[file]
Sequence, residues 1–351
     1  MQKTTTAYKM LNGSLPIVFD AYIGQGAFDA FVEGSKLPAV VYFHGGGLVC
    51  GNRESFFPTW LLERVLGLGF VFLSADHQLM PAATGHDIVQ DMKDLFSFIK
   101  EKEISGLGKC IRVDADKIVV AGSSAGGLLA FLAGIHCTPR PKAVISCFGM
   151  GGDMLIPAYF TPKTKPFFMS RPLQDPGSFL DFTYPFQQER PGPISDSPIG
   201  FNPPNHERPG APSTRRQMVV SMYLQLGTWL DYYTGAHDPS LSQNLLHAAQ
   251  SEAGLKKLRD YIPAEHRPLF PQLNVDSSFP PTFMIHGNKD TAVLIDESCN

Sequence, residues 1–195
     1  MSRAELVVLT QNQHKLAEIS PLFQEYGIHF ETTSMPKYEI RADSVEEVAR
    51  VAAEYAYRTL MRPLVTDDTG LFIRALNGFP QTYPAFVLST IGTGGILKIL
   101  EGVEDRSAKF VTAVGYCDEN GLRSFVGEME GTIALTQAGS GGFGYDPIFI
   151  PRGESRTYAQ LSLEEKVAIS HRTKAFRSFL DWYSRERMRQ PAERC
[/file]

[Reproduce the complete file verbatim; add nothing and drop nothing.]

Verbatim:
Sequence, residues 1–351
     1  MQKTTTAYKM LNGSLPIVFD AYIGQGAFDA FVEGSKLPAV VYFHGGGLVC
    51  GNRESFFPTW LLERVLGLGF VFLSADHQLM PAATGHDIVQ DMKDLFSFIK
   101  EKEISGLGKC IRVDADKIVV AGSSAGGLLA FLAGIHCTPR PKAVISCFGM
   151  GGDMLIPAYF TPKTKPFFMS RPLQDPGSFL DFTYPFQQER PGPISDSPIG
   201  FNPPNHERPG APSTRRQMVV SMYLQLGTWL DYYTGAHDPS LSQNLLHAAQ
   251  SEAGLKKLRD YIPAEHRPLF PQLNVDSSFP PTFMIHGNKD TAVLIDESCN

Sequence, residues 1–195
     1  MSRAELVVLT QNQHKLAEIS PLFQEYGIHF ETTSMPKYEI RADSVEEVAR
    51  VAAEYAYRTL MRPLVTDDTG LFIRALNGFP QTYPAFVLST IGTGGILKIL
   101  EGVEDRSAKF VTAVGYCDEN GLRSFVGEME GTIALTQAGS GGFGYDPIFI
   151  PRGESRTYAQ LSLEEKVAIS HRTKAFRSFL DWYSRERMRQ PAERC